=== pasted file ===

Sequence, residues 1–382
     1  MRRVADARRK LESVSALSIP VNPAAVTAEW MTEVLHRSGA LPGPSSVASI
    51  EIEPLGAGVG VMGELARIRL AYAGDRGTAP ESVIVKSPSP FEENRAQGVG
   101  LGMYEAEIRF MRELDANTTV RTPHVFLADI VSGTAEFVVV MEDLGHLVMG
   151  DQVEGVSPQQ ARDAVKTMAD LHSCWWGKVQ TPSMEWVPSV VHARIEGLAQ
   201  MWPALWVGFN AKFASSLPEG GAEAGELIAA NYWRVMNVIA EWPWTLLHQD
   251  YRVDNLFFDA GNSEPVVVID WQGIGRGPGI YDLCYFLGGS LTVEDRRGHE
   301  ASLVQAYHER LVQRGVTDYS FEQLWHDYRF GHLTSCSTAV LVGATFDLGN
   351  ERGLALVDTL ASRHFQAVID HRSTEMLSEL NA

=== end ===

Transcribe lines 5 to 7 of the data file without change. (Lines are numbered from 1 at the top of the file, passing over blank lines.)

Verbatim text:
   151  DQVEGVSPQQ ARDAVKTMAD LHSCWWGKVQ TPSMEWVPSV VHARIEGLAQ
   201  MWPALWVGFN AKFASSLPEG GAEAGELIAA NYWRVMNVIA EWPWTLLHQD
   251  YRVDNLFFDA GNSEPVVVID WQGIGRGPGI YDLCYFLGGS LTVEDRRGHE